A decade ago, none of this would have been possible without a hefty bill and a byzantine web of timers and controllers. Devices weren’t very good at talking to one another. Today, says Conway, with more open-code development, building a really good system yourself might set you back $1,000. More important than the bargain price is the fact that you don’t have to be a rocket scientist to make it all work. Ease of use and affordability are the beneﬁts to consumers from increasingly cutthroat competition.
So what can a smart home do that your dumb one can’t?As much or as little as you want it to. A smart home can be programmed to execute a variety of functions, saving time and money, or just providing added peace of mind. A smart home can even be taught to “anticipate’; there are sensors on the market that know who each household member is, where they are, what they are doing, and even what they might want to do next.
You are busy at work or on an endless string of errands….you get a message from FedEx or UPS about a drop-off…the driver lets you know when he is at your door…you disarm the security system, unlock the door, and watch on a monitor as the package is dropped safely inside your home…you then re-lock and re-arm the system…on your way home, you decide to stop for a drink with a friend and tell your home to keep the heat down, plus turn on a couple of lights…later that evening you turn up the heat, turn on the music, run a bath at exactly 120 degrees, and preheat the oven…all from your car 20 minutes from home.
For those who want a smart home but don’t trust themselves to set it up properly, there are plenty of companies that will come in and do the job for a very reasonable price. As a rule, they don’t make their money selling you a system. Instead, they charge you monthly to make it work, much the way your cable companies charges you for programming and DVRs. The leaders in this ﬁeld (for the moment, at least) are home security companies. The one you have now probably offers a smart-home package of some kind. If not, another security company will gladly rip out a competitor’s at no cost to secure your business.
There are good deals out there right now, but those deals are likely to get even better as more players enter the game. In the near future, consumers considering smart-technology retroﬁts will most likely be choosing between their home-security company, their telephone company, their cable company or their Internet company. High-end audio/video installers will also be vying for a slice of the pie. Each will offer something enticing to get into your home. It is worth noting, however, that your existing security system won’t integrate easily into a smart-home makeover, unless your existing security company gets the job.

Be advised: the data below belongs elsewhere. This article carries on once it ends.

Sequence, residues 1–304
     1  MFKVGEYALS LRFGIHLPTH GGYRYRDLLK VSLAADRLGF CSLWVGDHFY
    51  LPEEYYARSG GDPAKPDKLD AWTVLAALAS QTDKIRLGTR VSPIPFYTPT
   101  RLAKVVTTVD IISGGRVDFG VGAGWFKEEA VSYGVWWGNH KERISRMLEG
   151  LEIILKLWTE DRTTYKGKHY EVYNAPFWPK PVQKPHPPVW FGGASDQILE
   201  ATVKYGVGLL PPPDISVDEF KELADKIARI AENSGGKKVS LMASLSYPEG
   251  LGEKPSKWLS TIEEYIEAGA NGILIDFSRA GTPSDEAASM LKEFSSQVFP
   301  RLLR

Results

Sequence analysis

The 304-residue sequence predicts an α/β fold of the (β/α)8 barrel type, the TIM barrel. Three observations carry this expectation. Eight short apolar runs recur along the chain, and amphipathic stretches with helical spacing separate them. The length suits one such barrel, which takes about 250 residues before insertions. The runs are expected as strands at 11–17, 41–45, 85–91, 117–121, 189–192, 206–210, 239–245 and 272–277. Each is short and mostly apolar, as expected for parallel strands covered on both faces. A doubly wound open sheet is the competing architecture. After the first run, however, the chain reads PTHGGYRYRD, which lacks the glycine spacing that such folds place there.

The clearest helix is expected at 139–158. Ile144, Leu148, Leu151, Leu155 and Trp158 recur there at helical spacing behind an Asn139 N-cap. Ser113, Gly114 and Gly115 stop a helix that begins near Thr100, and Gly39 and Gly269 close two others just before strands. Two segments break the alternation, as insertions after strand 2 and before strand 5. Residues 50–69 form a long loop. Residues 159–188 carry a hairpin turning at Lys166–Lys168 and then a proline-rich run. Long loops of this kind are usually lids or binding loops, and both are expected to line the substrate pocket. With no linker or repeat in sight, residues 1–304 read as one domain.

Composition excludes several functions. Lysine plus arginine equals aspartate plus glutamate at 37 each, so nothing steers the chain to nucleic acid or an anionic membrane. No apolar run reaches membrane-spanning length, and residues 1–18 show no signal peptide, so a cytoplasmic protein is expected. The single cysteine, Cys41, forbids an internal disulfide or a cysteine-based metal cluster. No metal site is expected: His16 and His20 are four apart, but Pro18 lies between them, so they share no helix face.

You are away for a ski weekend and the mercury plummets…you get a text from your home that a pipe has cracked…the water to that part of that house is shut off…the heat near the pipe is turned up…you call a plumber to check the problem…using your smart phone, you let him into the house…you observe/record him as he works to repair the issue…you re-arm the security system after receiving a text that the plumber is done…you continue skiing…you return to a fully functioning plumbing system instead of a catastrophic ﬂood.
Don’t Use Your Dog’s Name
What is the downside to all of this smart technology? Obviously, if you lose your connectivity, your home becomes dumb again in a hurry. A long-term power outage or Internet interruption means having to operate lights and appliances yourself until everything is up and running again. Every system is designed with manual overrides (and hopefully we can all remember how to operate a light switch), but there are some smart devices that become problematic during outages. After Hurricane Sandy, for example, some apartment dwellers with “smart” keyless locks felt pretty stupid when they couldn’t get into their units.
Perhaps the most signiﬁcant potential negative in a world of smart homes is how incredibly dumb we are about passwords. Poor (or poorly protected) passwords in the hands of the wrong person could be catastrophic. Not only would clever criminals be able to disable your alarm system and open your front door, they could conceivably continue into your home computer and, through that, your work computer (Hello, Sony!). And because all of your devices will be part of a network, a smart lamp, smart dishwasher or smart garage door opener might be the softest point-of-entry for hackers.
Interestingly, in anticipation of this brave new world, Congress is working on a bill that would prevent manufacturers from selling you anything with a default password. In other words, before activating a product, you would be compelled to create a password. Currently, the percentage of people who never change the password from “password” or “12345678” is appallingly high.
If you are currently resistant to the whole idea of creating a smart home—either because of the aforementioned issues or simply on principle—be prepared to ﬁnd yourself in the minority in a few years. It is easy enough to operate and cheap enough to afford right now, and the products will only get cheaper and more user-friendly. Soon, almost all quality appliances will be available with built-in wiﬁ in order to integrate into a mesh network. And as your smart phone gets smarter, it will become the remote control you simply talk to and tell what to do.
Indeed, with each passing day, more and more people just like you will be walking through their front doors shouting, “Honey, I’m home…” only they’ll be talking to their house instead of their spouse!